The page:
In The Swede Spot

2008.Aug.27 Wednesday · 1 comment

in Restaurants

“Traditional Swedish cooking cannot be compared with the sophistication of, say, French or Italian cuisine. Swedish food is usually simple and satisfying, and nowadays also healthy. In the last few decades immigrants from all over the world have enriched our food culture with a host of exciting dishes. Foreign fast food, for example, has become an inseparable part of Swedish youth culture.”

– Destination Stockholm

Buenos Aires – I spent a few years a ways back working in the corporate world, for some reason thinking that I would change my career path from that of food and wine. A foolish goal I now know, not to put too corny a twist on it, but satisfaction in your chosen work is far more… satisfying than just being out for the big bucks… at least in the long run. As I bounced around those various tall concrete and glass structures, I had more than one opportunity to eat in an “employee dining room”, which is subtly, though not very, different from a cafeteria. Getting off the elevator on the fifth floor of the Swedish Embassy I immediately recognized the space for what it was – the employee dining room. Oh sure, Club Sueco, Tacuari 147, 4342-0888, is open to the public, though unlike some of the embassy or cultural clubs there’s no pretension to nationalism with passport checks to make sure you belong there, it’s simply open. And they’ve even done a decent job decorating the stark white walls and metal framed windows – some cute snowflake lampshades meant to evoke some sort of Scandinavian nostalgia, and actually a pretty good selection of art on the opposing end walls. And let’s face it, the Swedish Embassy likely does not have a huge number of employees, certainly not enough to support a lunchroom that takes up an entire floor of the building.

The menu is, in both intent and physicality, divided in three. Upon being seated we were informed by our waitress of the “daily plate” – a choice of beef stew and potatoes or roast chicken and rice. Neither sounded all that exciting, and looking around the room, a few folk, clearly there to eat rapidly and return to their desks on other floors or neighboring buildings, were scarfing down these all too ordinary dishes. We opted for the menu, which offers up classic Swedish appetizers and entrees. Looking through the former, a sampler plate of herring, a sampler plate of salmon, and several others, at the bottom was an unpriced item “selection of sandwiches” – us thinking perhaps some sort of smorgasbord offering, we asked – which resulted in the delivery of a different menu, listing off a dozen different sandwiches – but no sampler sort of platter for the table – just a sandwich menu (and all pretty much the exact same items on the regular menu, just stuck between slices of bread).

Club Sueco - herring sampler plate

The two of us who had arrived decided to share a sampler plate of herring while we awaited our third. Interesting would be about the best thing I could say about it. Herring five ways. Creamed, pickled, in a salad, with a couple of sauces – nothing stood out about it, and truthfully, the platter of creamed and pickled herring at MediTeráneo tasted far fresher, livelier, and for the same price gave us more than twice the quantity of fish. Our third arrived and decided on a plate of the paté, which turned out to be a couple of nice wedges of a rustic, country style paté that was certainly the better choice of appetizers. I should mention the bread – it’s brought out on little plates, with a selection of different breads – raisin-walnut, some sort of corn-rye, and a very cruncy hardtack kind of biscuit – one piece for each person at a time – all well and good if you’re serving fresh, warm bread, but annoying for both customer and waitstaff if it’s just simply room temp bread being stuck on a plate and shuttled to the table every time someone takes a bite. It’s also not served automatically with the dill sour cream that the obvious regulars were receiving, we had to ask… twice.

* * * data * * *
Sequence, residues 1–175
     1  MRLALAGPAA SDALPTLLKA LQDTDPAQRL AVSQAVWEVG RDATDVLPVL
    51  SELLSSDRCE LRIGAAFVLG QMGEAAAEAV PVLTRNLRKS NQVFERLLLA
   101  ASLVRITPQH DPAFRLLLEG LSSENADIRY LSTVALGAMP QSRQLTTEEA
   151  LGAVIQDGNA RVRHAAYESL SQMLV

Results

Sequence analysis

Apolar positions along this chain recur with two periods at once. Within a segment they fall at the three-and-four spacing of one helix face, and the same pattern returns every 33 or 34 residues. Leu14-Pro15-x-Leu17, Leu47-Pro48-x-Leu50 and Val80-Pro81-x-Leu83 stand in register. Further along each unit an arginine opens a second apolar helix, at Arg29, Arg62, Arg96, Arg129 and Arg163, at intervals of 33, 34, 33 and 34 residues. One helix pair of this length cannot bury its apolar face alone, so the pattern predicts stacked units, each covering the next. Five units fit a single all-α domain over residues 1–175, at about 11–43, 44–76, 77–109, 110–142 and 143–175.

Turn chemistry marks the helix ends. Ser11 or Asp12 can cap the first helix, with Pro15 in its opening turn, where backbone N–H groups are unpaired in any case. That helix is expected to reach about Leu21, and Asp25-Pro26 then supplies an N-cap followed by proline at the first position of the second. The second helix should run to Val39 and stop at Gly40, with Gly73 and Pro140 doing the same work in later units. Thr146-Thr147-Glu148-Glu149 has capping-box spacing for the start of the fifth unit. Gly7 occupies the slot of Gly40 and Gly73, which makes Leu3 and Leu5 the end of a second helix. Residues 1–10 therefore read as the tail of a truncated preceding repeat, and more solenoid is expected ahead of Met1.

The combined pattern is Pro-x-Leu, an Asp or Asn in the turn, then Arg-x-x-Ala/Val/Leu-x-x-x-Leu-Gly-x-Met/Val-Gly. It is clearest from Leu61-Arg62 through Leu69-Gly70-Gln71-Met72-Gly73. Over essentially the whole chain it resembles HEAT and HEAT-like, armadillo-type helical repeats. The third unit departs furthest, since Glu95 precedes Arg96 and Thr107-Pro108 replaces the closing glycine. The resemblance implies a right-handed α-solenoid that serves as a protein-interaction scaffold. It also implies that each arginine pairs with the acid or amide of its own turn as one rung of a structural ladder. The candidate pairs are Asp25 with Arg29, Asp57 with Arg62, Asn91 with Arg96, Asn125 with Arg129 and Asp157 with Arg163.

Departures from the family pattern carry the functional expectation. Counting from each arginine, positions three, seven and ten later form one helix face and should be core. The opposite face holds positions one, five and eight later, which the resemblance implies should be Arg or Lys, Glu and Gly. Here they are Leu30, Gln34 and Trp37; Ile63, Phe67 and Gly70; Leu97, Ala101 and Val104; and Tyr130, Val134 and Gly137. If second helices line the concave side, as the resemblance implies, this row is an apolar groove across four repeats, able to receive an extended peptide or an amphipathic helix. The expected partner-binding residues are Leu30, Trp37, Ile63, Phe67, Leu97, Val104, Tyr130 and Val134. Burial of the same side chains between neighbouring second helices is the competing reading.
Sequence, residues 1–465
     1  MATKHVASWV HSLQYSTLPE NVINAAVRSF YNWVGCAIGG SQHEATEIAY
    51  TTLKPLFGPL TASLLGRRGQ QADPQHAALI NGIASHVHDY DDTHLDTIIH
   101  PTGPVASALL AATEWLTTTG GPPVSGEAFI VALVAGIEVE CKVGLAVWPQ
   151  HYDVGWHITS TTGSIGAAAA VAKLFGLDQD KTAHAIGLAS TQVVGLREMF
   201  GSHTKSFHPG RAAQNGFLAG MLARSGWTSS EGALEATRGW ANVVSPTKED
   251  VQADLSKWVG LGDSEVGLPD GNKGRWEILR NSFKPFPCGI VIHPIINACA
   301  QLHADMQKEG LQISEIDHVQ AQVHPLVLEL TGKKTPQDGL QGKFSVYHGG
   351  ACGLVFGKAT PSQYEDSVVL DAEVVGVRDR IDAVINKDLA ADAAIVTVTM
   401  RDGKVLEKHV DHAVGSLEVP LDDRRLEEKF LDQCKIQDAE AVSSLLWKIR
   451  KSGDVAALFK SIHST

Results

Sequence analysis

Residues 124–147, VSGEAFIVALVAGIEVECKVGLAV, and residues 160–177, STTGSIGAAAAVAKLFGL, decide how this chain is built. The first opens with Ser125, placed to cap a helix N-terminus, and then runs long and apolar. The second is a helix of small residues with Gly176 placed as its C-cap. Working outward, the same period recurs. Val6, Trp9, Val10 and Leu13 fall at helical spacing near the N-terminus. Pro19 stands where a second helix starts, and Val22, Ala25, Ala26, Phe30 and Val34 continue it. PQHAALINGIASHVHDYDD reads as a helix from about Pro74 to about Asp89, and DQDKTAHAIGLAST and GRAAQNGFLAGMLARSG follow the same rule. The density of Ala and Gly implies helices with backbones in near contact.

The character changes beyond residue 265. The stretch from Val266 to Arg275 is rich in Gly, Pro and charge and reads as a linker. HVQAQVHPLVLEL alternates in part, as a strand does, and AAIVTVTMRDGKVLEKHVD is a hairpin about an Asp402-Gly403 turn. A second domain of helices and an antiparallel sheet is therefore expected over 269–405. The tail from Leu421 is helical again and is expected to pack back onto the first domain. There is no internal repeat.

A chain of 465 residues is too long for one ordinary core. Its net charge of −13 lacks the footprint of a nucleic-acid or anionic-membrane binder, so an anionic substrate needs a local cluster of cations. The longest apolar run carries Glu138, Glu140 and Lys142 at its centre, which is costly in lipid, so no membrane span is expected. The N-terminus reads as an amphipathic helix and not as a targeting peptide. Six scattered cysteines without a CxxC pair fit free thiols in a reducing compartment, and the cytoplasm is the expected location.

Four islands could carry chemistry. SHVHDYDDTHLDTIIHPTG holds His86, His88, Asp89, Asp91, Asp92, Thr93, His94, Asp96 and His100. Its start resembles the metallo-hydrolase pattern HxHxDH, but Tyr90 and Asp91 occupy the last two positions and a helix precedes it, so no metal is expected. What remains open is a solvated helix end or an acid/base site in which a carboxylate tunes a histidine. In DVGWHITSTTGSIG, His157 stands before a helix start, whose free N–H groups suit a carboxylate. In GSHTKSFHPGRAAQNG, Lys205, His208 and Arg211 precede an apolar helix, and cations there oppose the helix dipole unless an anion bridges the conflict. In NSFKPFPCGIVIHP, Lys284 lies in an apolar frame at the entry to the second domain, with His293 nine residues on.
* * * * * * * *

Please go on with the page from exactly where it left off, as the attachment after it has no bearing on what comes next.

Club Sueco - kottbuller

Main courses fared far better. I couldn’t not order a plate of Swedish meatballs, or kottbuller, and these were excellent – tight, firm little balls with nice herbed flavors, well made mashed potatoes, and a red currant jam on the side. Yum! One of my companions ordered the biff lindstrom, essentially a hamburger made with ground beef, sweet and sour beets, and capers. Quite interesting I must say, and something I’ve not tried before (I have this vague recollection that I might have tasted them in mini form off a smorgasbord), but would again. It was served up with delicious roasted potatoes and a little gravy. And our third decided on the gnocchi… not exactly a traditional Swedish dish, though quite different from anything I’ve seen… anywhere… the gnocchi dough, made with squash rather than potato, was a thin coating around a ball of a blue cheese filling, and they were huge – the size of golf balls. A little intense on the blue cheese for my tastes, the squash dough sort of disappearing in the flavor mix. But my friend seemed to like them quite a bit and ate them all up.

So all told, a nice experience in the lunchroom. And the prices weren’t bad – for three of us with a sampler plate and another appetizer, three entrees, three bottles of water, four coffees (another friend joined us for coffee at the end of the meal), and one limonada (an interesting but not overly recommendable house drink of lemonade, orange blossom water, and finely minced mint leaves), the bill ran to 140 pesos, just about $45.


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